SitRep: Green Berets in Niger Fought For Hours, Questions Remain Over Mission
China developing new military GPS, Tillerson rejected in Baghdad.
By Paul McLeary with Adam Rawnsley, along with Bethany Allen-Ebrahimian and John Kester
Niger ambush updates. Two violent hours passed between the time suspected Islamic State militants opened fire on U.S. Special Forces leaving a Nigerien village on Oct. 3 and when the first French Mirage fighters roared overhead, the Pentagon’s top general said on Monday.
But Chairman of the Joint Chiefs of Staff Gen. Joseph Dunford told reporters at the Pentagon Monday that the soldiers weren’t expecting a firefight that day, and “it’s not my assessment” that U.S. troops, thinly spread across 53 countries in Africa, are taking too many risks.
Dunford placed the mission in Niger and elsewhere squarely within the broad confines of the global battle against al Qaeda and the Islamic State, adding, “to the extent that they’re taking risks, we have sent them there to operate in areas where there are extremist elements.”
Dunford said that the patrol was not expecting to make contact on the patrol, and rules forbid them from going on missions where combat is expected. Once the shooting started, the Green Berets immediately called in an American reconnaissance drone but fought for an hour before alerting the Chad-based French aircraft that they needed help. It took the French jets another hour to reach the scene where they flew low to scare off the attackers, but did not drop any munitions.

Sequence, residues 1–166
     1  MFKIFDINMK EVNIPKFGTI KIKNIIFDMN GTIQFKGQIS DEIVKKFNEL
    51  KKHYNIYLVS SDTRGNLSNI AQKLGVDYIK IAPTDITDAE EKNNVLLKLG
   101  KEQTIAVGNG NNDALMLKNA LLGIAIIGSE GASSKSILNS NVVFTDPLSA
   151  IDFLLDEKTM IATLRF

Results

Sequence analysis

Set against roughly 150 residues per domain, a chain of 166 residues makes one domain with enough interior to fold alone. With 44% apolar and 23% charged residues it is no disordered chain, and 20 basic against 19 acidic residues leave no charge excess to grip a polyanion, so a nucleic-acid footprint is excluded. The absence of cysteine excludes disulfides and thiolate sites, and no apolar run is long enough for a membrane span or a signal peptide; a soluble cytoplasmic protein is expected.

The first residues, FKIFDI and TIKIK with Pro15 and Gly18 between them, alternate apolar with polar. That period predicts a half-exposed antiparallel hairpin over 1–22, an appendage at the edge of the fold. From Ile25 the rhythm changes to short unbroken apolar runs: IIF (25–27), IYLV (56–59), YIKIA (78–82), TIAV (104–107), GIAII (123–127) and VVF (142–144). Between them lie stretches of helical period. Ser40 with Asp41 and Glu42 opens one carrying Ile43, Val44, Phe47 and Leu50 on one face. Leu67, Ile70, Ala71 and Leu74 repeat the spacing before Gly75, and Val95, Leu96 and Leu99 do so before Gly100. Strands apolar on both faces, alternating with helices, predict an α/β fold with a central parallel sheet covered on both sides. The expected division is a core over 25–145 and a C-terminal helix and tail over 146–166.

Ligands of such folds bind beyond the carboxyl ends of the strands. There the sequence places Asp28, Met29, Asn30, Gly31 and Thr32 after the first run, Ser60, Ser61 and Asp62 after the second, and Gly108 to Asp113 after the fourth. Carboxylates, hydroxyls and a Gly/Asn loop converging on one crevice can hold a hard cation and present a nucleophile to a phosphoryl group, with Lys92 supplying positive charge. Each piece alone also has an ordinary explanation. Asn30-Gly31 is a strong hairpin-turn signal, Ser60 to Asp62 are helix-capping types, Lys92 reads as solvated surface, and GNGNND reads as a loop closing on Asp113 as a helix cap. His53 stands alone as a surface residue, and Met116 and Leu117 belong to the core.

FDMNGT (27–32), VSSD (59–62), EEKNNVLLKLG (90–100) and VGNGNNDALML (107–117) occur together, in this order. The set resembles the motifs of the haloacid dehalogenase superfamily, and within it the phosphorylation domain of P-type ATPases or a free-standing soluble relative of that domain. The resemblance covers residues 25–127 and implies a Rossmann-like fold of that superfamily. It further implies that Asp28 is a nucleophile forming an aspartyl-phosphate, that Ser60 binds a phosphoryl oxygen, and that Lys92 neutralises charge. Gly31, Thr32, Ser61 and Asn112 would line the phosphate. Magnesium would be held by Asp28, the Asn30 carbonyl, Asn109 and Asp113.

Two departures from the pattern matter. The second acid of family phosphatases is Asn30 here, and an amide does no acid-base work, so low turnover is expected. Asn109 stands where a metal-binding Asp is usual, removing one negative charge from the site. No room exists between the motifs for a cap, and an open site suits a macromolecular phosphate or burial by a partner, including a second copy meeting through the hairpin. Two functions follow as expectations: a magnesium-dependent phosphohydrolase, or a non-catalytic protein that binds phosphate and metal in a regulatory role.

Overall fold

The Pentagon has offered few details about the ambush that left four American and five Nigerien troops dead, and inflamed debate over the lack of visibility of dangerous missions being performed by U.S. troops.
The Senate Armed Services Committee will receive a classified briefing on the situation in Niger on Thursday.
How are the wars going? A scene from Secretary of State Rex Tillerson’s unannounced visits to Iraq and Afghanistan on Monday:
“Tillerson and his aides donned flak vests and helmets in Baghdad before boarding helicopters that took them to the U.S. Embassy and elsewhere in the Green Zone to meet with Iraqi Prime Minister Haider al-Abadi and President Fouad Massoum.
Tillerson’s visit to Afghanistan was conducted in even greater secrecy and was announced only after he had left the country. Though he never left Bagram air base, north of Kabul, his short visit showcased U.S. support for the Afghan government after a week of Taliban attacks that killed more than 200 people.”